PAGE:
Egypt filmmakers defy taboos of conservative society
Egypt filmmakers defy taboos of conservative society
In its heyday between the 1950s and the 1970s, Egypt had one of the largest and most dynamic movie industries in the world.
The golden age of Egyptian cinema starred fiery, determined women and love scenes that rivalled those of Western movies at the time.
“Things started to change in the 1980s” as social freedoms regressed and society grew more puritanical, leading Arab film critic Tarek El Shenawi told AFP.
Under the growing influence of the Muslim Brotherhood group and Arab Gulf countries, conservatism expanded steadily in Egyptian society during the time.
Braving criticism from conservatives, young directors are now becoming more daring in their work.
Such productions often stir controversy, but they still attract millions of viewers online.
In the film “Balash Tebosni” (Kiss Me Not), young director Ahmed Amer makes fun of the taboo on passionate kisses in contemporary Egyptian cinema.
“Comedy makes the people a bit more open to the theme,” Amer told AFP.
In the “adults only” movie, Amer tries to shoot a kissing scene but the actress refuses to comply, stressing that she wants to become a more devout Muslim.
The “film within a film” satirises the dogged resistance of his starlet in what has become an increasingly puritanical society.
Yasmin Raeis, who plays the actress, said she remembers how such scenes used to be “totally normal” in Egyptian movies she watched as a child.
“Then as I got older, suddenly people started saying that this shouldn’t happen” in movies anymore, she said.
Raeis said she could not understand the taboo on kissing when audiences stream to watch thrillers and action movies packed with scenes of violence.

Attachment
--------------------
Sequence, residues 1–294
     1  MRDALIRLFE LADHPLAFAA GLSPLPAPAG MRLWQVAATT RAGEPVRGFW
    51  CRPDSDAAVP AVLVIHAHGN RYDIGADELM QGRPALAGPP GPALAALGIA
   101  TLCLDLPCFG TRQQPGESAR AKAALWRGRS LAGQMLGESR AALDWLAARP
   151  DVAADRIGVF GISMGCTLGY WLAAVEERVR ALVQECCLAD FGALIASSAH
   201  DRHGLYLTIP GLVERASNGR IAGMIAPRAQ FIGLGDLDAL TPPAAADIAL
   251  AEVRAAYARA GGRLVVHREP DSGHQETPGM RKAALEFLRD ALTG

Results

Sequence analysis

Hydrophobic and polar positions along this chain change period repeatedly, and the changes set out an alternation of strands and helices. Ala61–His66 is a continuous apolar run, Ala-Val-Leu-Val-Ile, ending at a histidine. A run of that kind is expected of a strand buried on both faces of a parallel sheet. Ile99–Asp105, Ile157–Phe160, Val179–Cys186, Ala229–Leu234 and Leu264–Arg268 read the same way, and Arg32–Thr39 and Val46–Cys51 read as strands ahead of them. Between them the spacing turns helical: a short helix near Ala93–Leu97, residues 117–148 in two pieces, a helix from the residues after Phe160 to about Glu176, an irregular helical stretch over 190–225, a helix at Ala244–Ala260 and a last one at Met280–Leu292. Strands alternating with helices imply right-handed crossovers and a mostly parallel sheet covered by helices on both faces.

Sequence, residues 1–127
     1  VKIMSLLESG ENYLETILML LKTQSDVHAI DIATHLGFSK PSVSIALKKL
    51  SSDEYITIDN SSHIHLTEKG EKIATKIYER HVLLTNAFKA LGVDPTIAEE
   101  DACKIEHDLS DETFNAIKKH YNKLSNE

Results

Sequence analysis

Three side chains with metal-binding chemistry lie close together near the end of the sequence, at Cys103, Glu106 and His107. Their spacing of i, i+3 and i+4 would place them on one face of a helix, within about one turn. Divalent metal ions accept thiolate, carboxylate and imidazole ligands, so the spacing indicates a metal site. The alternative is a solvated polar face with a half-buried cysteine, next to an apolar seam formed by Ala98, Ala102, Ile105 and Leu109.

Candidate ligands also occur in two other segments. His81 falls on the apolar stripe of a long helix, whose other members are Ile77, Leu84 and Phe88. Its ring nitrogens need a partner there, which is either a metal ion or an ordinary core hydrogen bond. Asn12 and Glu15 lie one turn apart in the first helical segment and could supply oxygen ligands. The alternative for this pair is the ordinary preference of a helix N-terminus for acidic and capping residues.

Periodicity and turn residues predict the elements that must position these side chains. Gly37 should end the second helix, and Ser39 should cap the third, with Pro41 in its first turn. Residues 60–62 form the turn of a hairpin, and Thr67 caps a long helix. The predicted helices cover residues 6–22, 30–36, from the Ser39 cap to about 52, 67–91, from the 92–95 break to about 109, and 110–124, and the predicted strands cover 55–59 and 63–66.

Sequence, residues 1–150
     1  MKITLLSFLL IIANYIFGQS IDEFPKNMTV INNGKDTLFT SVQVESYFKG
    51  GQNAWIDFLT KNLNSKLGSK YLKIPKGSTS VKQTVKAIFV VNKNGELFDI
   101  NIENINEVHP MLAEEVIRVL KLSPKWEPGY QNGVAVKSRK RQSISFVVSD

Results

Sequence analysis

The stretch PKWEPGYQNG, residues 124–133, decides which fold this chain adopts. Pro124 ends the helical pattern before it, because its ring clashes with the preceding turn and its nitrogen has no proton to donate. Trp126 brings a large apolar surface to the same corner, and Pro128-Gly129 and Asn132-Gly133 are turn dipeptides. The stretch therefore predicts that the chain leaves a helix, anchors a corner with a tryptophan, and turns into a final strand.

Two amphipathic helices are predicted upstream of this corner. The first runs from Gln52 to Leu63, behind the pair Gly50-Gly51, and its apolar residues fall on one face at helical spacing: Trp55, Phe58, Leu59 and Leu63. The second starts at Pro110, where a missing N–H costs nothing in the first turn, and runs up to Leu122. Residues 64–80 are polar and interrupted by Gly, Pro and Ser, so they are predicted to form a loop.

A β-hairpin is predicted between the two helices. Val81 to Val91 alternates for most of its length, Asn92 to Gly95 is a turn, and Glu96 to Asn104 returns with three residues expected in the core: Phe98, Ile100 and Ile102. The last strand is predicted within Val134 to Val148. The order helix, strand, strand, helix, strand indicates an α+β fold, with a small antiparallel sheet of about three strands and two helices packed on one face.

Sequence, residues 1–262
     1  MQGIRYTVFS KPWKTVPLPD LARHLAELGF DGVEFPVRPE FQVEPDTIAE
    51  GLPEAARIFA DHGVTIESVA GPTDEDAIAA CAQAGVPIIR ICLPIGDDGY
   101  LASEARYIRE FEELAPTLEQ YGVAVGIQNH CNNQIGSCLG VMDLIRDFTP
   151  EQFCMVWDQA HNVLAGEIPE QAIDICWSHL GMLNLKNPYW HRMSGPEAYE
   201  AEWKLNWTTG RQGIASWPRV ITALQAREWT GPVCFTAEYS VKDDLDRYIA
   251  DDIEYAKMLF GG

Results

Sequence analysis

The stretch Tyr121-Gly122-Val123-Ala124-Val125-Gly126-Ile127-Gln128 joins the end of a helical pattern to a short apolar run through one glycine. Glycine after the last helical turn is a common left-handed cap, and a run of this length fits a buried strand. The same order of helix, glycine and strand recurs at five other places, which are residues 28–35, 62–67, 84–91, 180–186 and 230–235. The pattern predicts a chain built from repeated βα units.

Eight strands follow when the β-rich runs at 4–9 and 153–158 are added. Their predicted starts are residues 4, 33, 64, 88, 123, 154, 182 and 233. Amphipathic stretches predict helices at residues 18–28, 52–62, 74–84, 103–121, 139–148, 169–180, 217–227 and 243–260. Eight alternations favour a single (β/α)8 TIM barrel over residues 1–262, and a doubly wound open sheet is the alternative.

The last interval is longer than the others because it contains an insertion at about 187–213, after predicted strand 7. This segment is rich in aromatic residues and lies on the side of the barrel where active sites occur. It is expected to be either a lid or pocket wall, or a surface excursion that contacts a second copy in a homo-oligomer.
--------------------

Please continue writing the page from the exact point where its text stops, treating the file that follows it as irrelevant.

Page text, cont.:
“That’s what’s strange. We should be condemning violence, not romance,” she said.
The idea for Balash Tebosni originated in a short film which Amer had tried but failed to complete in real life because the leading actress was disgusted by the idea of an onscreen kiss.
Family comedies have also become a hit.
Watched by millions on YouTube, “Sabaa Gar” (Seventh Neighbour), a series which airs on the private CBC Entertainment channel, has faced a storm of accusations that it corrupts Egypt’s youth.
A single woman living alone and seeing men out of wedlock, or another who smokes in secret, Sabaa Gar shows the young demanding control over their own lives.
This contrasts with the stricter social norms that the older generation still holds on to and highlights the generation gap in Egyptian society.
The goal was not to spur controversy, said Heba Yousry, one of the series’ three all-female co-directors.
Sabaa Gar has “allowed people to understand each other and to learn about how the new generation thinks,” she said.
Among the story lines is one of a young woman who wants to have a child, but does not want to share her life with a man.
She agrees with a work colleague to get married for the sole purpose of having a baby, and then to get divorced.
A similar theme was the subject of hit comedy “Bashtery Ragel” (I’m Buying a Man), released in Egyptian cinemas in February 2017 on Valentine’s Day.
At the same time, however, many Egyptian actresses refuse to be filmed in kissing scenes or to play roles that could be regarded as immoral.
Some have even quit the industry for religious reasons.
Egyptian authorities under President Abdel Fattah El-Sisi, in power since 2013, have clamped down on activities deemed immoral.